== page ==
SmartyCard, which launches at Demo 09 on Tuesday, is both compelling and disturbing. The well-crafted site, which is aimed mainly at third- to sixth-graders, is compelling because it not only engages children in fun and interesting learning activities, but it adds an element of incentive by rewarding success with points that they can use to purchase virtual or real merchandise.
That very incentive is what also makes SmartyCard disturbing.
I'm not saying that the carrot approach--giving kids rewards for doing well--can't be appropriate and effective. But I'm somehow bothered by the idea of an automated system that … Read more
Toward the end of last year, I more or less decided that I wanted to get myself a Kindle, but I wanted to hold off for the next generation. So when Amazon announced the Kindle 2 in February, I put my order in right away.
I've now had it for a few days and have had a chance to play around with it a fair bit. Here are some early thoughts.
Yes, it's expensive. $359--and typically add to that at least $29 for a case. Although there are many free books available (more on this in a bit), and new releases are generally cheaper on the Kindle than in hardcover, it's a good bet that you're not going to save enough on book purchases to come close to paying for the device--especially if you buy a lot of books used (as I do) or get them from the library. This is a premium-price convenience device.
It's the convenience that the Kindle 2 offers that convinced me to buy one. I travel a lot, and the idea of having a library in the form factor of a single paperback is immensely appealing to me. Frankly, I probably would not have purchased a Kindle, if I didn't spend so much time traveling by air with as little luggage as I can get away with.
Plenty of others, including CNET Reviews' David Carnoy, have reviewed the device itself, and I agree with what seems to be the general consensus: the Kindle 2 is easy on the eyes, and the controls seem to work reasonably well.
For reading books, it is a qualitatively different experience from reading on a laptop or a phone. It's not that you can't read on those other devices--in fact, I do it all the time--but the Kindle's e-paper display and long battery life make it far better suited for reading books.
That said, I do believe that we're still in a relatively early stage of this device's evolution. There may or may not be any truth to these specific rumors from Fast Company. (After all, we heard various inaccurate Kindle 2 "leaks" and predictions throughout much of last year.) … Read more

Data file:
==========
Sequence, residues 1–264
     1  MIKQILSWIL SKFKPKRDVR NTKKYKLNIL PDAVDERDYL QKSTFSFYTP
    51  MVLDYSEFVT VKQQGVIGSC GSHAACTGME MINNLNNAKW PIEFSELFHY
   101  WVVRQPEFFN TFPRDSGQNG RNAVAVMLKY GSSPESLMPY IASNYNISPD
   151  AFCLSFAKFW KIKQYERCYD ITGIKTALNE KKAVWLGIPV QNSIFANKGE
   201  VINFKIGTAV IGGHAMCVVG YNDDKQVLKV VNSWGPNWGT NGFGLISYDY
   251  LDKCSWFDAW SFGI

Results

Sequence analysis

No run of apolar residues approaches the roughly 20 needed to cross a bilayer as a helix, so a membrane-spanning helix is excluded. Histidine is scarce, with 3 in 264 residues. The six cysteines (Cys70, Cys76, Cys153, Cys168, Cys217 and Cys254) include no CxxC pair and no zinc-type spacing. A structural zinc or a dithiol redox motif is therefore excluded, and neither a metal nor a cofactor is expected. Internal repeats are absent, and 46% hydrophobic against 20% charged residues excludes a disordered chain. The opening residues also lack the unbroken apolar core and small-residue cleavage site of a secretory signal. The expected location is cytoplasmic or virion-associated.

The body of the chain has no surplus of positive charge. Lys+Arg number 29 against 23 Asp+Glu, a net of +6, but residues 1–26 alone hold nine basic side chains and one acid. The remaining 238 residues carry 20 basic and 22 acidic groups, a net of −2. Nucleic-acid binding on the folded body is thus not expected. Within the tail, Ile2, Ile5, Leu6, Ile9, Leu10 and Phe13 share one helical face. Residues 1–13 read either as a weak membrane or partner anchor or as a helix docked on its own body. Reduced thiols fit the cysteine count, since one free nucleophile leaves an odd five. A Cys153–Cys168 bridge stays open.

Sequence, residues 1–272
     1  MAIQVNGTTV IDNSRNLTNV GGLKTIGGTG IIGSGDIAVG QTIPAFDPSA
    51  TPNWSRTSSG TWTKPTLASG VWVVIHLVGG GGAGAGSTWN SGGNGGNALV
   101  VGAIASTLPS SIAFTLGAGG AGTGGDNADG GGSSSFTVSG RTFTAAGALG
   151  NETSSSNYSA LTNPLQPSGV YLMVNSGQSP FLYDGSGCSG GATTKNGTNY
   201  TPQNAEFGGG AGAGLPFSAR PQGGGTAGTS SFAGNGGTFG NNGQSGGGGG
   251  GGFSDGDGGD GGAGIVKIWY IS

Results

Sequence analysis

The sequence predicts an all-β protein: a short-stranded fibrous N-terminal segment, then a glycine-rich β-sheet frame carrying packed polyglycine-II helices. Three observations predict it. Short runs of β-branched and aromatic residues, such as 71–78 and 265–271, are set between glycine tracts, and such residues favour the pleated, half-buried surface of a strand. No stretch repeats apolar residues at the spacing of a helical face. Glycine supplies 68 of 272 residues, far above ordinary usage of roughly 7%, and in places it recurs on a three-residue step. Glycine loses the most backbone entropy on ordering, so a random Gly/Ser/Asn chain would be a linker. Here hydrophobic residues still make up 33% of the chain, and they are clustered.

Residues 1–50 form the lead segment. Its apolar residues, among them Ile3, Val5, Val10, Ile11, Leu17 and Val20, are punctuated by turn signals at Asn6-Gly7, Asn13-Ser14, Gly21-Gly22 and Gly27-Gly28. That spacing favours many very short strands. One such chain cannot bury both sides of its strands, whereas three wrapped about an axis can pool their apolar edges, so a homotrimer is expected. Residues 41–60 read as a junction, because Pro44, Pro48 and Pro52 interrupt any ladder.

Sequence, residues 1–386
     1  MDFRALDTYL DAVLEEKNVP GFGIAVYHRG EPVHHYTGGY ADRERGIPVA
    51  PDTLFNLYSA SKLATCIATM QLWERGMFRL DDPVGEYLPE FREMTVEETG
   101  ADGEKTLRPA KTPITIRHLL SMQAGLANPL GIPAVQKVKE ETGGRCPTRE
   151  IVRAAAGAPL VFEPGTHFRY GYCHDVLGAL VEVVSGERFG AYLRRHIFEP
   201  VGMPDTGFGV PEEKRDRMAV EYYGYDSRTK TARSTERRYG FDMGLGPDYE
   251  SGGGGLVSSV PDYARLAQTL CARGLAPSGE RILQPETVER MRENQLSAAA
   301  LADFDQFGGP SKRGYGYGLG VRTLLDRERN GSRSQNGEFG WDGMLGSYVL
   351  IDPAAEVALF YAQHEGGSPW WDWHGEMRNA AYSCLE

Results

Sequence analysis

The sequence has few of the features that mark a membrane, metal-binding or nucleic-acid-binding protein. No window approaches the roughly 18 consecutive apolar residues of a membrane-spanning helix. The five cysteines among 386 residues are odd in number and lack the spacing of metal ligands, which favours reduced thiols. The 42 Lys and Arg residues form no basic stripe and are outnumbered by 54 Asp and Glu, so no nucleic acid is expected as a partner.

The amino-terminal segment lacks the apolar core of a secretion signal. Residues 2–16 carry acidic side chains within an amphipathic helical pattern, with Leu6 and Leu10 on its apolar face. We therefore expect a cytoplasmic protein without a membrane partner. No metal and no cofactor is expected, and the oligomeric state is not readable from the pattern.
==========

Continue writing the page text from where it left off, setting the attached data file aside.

He told his personal story and details of the newest version of his software to CBS News and CNET Technology analyst Larry Magid
Are Apple stores elitist? You bet--and that's not a bad thing. Unless the U.S. economy keeps going south.
How do I know Apple stores are high rent? I live in Southern California, and every Apple store within 50 miles of me is in a tony, upscale neighborhood. A new store, for instance, opened in September near my home in the swankiest shopping center in the area--bar none. No Best Buy, Radio Shack, or Circuit City could touch this real estate.
Ditto for the East Coast. The Apple store nearest the town where I grew up is in one … Read more
I chatted with Chris Shipley (you can listen by clicking the podcast link below) as she was getting ready to launch Demo 2009, where 39 companies plan to introduce new products.
Shipley gave me a sneak preview of what to expect, including a new screen capture product from Citrix Online (of GoToMyPC), some "hard-core development platforms," and consumer technologies, including a live streaming Web service for individuals from Avaak.
There will also be a new Netbook computer "that fits in a space between an iPhone and a laptop" and a product that is "putting a … Read more
Microsoft's legal team got a workout this week.
Microsoft filed two separate patent infringement actions against GPS navigation company TomTom. In complaints before the U.S. District Court in Washington and the International Trade Commission, Microsoft is alleging infringement of eight patents.
In an interview, Microsoft deputy general counsel Horacio Gutierrez said that the software giant has been trying to start licensing talks with TomTom for more than a year.
"They basically never were prepared to have a discussion with us with respect to licensing terms," Gutierrez said.
Although Microsoft has been on the receiving end of … Read more
Whitebox vendors in the Asia-Pacific region may warm up to the One Laptop Per Child's decision to open its design, according to market research analyst IDC.
Multinational PC makers, on the other hand, will continue their focus on mini-notebooks, Reuben Tan, IDC's senior manager for personal systems research in the Asia-Pacific region, told CNET News sister site ZDNet Asia in a phone interview.
Earlier this month, OLPC founder Nicholas Negroponte announced the organization's intention to open-source its hardware design and invite commercial PC makers to copy it. In an e-mail interview with ZDNet Asia, Negroponte said the … Read more
Facebook CEO Mark Zuckerberg announced on February 26 that, from now on, the company will post proposed changes to its terms of service and other policies for member input.
If more than 7,000 people comment, the policy will be put to a vote, and the result "will be binding, if more than 30 percent of all active registered users vote."
Based on Facebook's current 175 million user base, that's nearly 53 million people, which makes it questionable whether the company will ever get sufficient voter turnout.
CBS News and CNET Technology analyst Larry Magid discuss … Read more